Home > Distribution, Process Management > Video is Coming! Now What?

Video is Coming! Now What?

I woke up in a curmudgeonly mood to begin with, and it wasn’t helped by seeing yet another twitter posting pointing out that video is on the rise. “Guess what?” says headline #2,367 – “we see video as taking over the internet!”

So what?

The key to trends is turning that into actionable strategy. I’ve seen multiple trends articles saying video is The Next Big Thing™, but what does this mean practically to the owner of a video service line? The big media producers and distributors know this already, and probably know a lot more about it than the experts making these predictions. The independent producers and small distributors may need the information about how to monetize their content, but that’s a relatively small portion of the overall video universe. What do these articles say to the companies that create and distribute video as only a part of their overall communications and marketing strategies?

Not much, which of course is why I blog about this in the first place – I’m filling that niche to help people make sense of their video efforts when it’s only a part of what their companies do. That’s really the problem these trend articles hold – there’s really nothing there to help video managers drive their video strategy towards overall organizational goals. That’s the critical part of a video program in most organizational settings, other than major content producers and advertisers who are in the business of selling video.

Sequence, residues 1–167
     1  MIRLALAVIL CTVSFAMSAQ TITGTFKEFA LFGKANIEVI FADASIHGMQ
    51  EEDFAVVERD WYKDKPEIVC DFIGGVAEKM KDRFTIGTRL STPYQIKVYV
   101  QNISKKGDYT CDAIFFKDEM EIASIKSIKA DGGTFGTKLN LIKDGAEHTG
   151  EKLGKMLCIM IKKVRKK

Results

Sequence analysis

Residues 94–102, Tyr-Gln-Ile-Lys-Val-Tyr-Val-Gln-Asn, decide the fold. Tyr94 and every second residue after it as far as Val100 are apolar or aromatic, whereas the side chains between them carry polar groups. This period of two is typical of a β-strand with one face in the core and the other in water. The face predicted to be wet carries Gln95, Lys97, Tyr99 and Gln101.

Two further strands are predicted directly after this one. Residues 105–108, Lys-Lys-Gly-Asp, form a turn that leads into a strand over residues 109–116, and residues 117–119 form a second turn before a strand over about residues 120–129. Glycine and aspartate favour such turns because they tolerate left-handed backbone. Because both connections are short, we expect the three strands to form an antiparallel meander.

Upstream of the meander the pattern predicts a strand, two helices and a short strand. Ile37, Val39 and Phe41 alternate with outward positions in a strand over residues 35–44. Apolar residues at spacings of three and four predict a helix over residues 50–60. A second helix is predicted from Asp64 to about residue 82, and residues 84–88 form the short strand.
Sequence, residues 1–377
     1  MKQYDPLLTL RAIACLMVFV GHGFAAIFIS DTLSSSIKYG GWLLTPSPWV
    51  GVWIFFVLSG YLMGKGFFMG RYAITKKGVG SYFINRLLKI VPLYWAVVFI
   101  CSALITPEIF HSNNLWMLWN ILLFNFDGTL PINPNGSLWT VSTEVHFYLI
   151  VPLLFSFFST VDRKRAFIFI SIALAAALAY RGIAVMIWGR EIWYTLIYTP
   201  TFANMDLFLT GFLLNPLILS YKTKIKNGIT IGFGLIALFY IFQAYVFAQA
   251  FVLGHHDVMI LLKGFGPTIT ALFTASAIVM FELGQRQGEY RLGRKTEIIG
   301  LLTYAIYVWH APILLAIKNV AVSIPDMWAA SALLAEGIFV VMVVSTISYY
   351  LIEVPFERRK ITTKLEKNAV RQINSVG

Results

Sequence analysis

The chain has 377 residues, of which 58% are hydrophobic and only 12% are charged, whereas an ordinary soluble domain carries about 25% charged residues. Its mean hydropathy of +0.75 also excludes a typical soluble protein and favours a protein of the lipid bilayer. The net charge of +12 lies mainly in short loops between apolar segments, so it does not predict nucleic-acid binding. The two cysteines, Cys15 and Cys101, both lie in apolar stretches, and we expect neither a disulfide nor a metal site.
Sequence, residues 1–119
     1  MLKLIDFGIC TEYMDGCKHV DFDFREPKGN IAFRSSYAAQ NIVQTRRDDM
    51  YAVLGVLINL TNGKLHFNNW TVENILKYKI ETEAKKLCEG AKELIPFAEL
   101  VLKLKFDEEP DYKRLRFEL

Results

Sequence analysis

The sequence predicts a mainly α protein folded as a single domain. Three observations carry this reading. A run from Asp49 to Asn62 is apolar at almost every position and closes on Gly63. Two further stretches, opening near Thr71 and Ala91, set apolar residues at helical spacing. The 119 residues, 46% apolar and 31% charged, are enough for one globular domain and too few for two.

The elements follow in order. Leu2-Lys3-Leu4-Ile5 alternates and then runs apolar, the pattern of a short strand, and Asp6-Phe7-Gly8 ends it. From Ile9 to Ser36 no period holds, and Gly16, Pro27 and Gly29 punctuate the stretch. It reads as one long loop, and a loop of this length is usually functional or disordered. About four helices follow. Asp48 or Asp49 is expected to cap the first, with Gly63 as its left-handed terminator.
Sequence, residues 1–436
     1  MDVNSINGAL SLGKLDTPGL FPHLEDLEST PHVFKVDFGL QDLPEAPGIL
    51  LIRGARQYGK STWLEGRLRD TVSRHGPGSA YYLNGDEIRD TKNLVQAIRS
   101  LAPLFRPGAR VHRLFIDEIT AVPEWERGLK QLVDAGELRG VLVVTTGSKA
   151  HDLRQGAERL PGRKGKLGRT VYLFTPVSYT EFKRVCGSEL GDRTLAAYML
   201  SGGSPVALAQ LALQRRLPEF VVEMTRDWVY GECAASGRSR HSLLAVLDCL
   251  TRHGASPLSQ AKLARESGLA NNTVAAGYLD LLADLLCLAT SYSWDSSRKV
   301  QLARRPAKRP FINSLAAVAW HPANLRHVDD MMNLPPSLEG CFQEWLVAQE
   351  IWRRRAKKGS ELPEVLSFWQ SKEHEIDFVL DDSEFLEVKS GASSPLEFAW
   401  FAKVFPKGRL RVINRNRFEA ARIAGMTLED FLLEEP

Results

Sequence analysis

The job for an in-house video/media manager is to further the overall business goals of the organization, whether that’s selling widgets, curing patients or educating students. Your first and most critical question when creating content, building infrastructure or making partnership deals is “what is this contributing to the overall goals of the company, and how is it doing it?” If you can’t provide an answer to that it’s likely time to re-evaluate your plans. If you read the financial news at all you know that companies are sitting on cash – mounds of it in some cases. They’re not hiring, they’re not spending on capital improvements and they’re certainly trying to avoid spending it on unnecessary projects. If you’re going to a CIO, CFO or CEO these days to ask for funds you’d better have a strong business case to explain how this either makes them or saves them a lot of money.

Your video projects have to meet business criteria, and general trend information is at best a small part of an overall defense of a project’s value to the company. It’s nice to know, but all it does is underline the competitive landscape for your content. Take these trends for what they’re worth – confirmation of the power and reach of online video. Then move on to explain how video helps your organization do what it does better, more efficiently and more cost-effectively.

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